Ironically, after thirty-six years as owner and operator of one of Harvey’s principal service stations disaster struck. While away at a Fire Chiefs Convention in Cornerbrook, Nfld., in 1960, the building housing his business was itself levelled by fire. Choosing not to rebuild, he sold his business to Milton McLean.

Never one to remain idle T. Kay turned his hand to performing a number of skilled taks. At the age of 65 years he wrote and passed the required examination and was certified as a qualified electrician.

Talented at more than just the mechanical T. Kay also plays the organ and violin. He is an avid video buff and photographer, always looking for opportunities to add to his collection.

At 92 he still drives his own car, lives on his own, buys his own groceries and continues to split his own wood. He is an honorary member of the Maritime Fire Chiefs Association, a recipient of the Queen’s Silver Jubilee Medal, the Fire Chief Office Medal and has held positions as: Public Relations Officers of the Harvey Fire Department, President of the N.B. Fire Chiefs Association and honorary member of the United Church Session.

Southwest Valley Reporter, Sept. 6, 1989 p. 3.


Over 100 friends, neighbours and family gathered at the Christian Education Centre of the United Church in Harvey recently to celebrate the 90th birthday of one of Harvey’s oldest residents, Thomas Kay Craig.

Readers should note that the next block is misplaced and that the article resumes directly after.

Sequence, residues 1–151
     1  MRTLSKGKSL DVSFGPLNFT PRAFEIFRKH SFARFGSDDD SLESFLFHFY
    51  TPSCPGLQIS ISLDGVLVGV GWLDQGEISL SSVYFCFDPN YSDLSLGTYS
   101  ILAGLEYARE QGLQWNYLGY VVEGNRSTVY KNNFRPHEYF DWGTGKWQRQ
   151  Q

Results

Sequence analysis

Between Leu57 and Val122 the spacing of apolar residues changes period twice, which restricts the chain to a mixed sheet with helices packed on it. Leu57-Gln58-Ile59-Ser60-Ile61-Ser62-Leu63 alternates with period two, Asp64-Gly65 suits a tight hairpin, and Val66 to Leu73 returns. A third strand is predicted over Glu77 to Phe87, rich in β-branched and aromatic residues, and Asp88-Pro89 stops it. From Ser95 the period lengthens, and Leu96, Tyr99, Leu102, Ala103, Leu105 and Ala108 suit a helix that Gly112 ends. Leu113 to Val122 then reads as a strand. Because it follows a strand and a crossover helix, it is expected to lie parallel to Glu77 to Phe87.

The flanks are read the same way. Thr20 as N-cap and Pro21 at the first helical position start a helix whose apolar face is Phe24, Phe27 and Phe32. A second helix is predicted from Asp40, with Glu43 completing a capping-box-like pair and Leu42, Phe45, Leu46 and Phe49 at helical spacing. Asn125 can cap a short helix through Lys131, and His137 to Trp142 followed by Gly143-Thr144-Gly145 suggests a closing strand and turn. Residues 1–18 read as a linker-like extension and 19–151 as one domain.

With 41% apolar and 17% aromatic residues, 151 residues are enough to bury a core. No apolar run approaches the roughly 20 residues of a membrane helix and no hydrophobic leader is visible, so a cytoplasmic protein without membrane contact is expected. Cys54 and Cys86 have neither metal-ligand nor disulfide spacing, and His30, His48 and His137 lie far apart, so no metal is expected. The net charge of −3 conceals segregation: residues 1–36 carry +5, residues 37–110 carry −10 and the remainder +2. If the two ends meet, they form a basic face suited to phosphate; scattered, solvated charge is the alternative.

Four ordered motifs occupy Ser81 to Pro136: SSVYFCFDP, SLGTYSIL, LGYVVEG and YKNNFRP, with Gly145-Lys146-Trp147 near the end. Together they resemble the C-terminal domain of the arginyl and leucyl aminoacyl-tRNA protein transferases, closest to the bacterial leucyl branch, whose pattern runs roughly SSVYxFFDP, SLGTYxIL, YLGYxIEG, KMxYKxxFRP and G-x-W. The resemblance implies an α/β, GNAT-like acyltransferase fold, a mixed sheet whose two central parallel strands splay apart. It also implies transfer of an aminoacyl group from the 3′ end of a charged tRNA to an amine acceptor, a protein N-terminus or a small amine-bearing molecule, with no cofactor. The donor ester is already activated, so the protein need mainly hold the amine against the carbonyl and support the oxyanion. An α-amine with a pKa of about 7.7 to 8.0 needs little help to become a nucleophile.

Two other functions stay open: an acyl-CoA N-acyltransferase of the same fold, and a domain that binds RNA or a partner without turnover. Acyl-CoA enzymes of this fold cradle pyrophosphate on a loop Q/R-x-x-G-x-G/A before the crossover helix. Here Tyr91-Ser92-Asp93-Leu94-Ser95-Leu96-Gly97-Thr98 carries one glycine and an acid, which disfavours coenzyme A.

Well-known to the people of Harvey, Mr. Craig served as fire chief of the Harvey Volunteer Fire Department for over 30 years. Mr. Craig (known to all as Kay) owned and operated a garage from 1924-60. He also served as the local electrician during the winter months and received his electrician’s licence at the age of 65. Kay lives alone and remains active doing odd jobs.

Attending the birthday celebration where Mr. Craig’s four sons: Avens of Fredericton; Murray of Oshawa, Ont.; Raymond of Ottawa, Ont.; and Neill of Fredericton. Mr. Craig’s first wife Emma Manzer died in 1965. They were married in 1928. Mr. Craig’s second wife, Marion died in 1973. Mr. Craig has 10 grandchildren.

Mr. Craig was presented with a medal for his long service in the fire department by former Lieutenant-Governor George Stanley. He also received the Queens Silver Jubilee Medal and the Fire Chief Office Medal for 30 years of fire chief duty.

Mr. Craig served as public relations officer of the fire department following retirement. He was made honorary member of the Maritime Fire Chiefs Association where he attended conferences regularly and served as guest speaker.

After serving many years as an elder of the United Church Session, he was made an honorary member of session as well.

He was born Aug. 23, 1897 to John Thomason Craig and Janet (McGowan) Craig. His great-grandparents Henry and Isabel Craig were original settlers of 1837 and it is on that grant of land where Kay now resides. His parents and grandparents were lifelong residents of Harvey Station as well.

Kay still attends church regularly, drives and enjoys electronics, cameras and video equipment. When asked how he feels about turning 90, Mr. Craig remarked, “I don’t feel as young as I used to but I am very thankful I feel as good as I do.”

Birthday greetings were received from Premier Richard Hatfield, Governor-General Jeanne Sauve and Prime Minister Brian Mulroney, as well as the N.B. Senior Citizens Federation.

A lunch was provided by the ladies of the United Church and Rev. David Chesney served as MC for the event.

Daily Gleaner, Aug. 31, 1987 p. 8.

Recommended Reading

Interested in learning more about the rich history and heritage of the Harvey region? Here are a few blog posts that might pique your interest: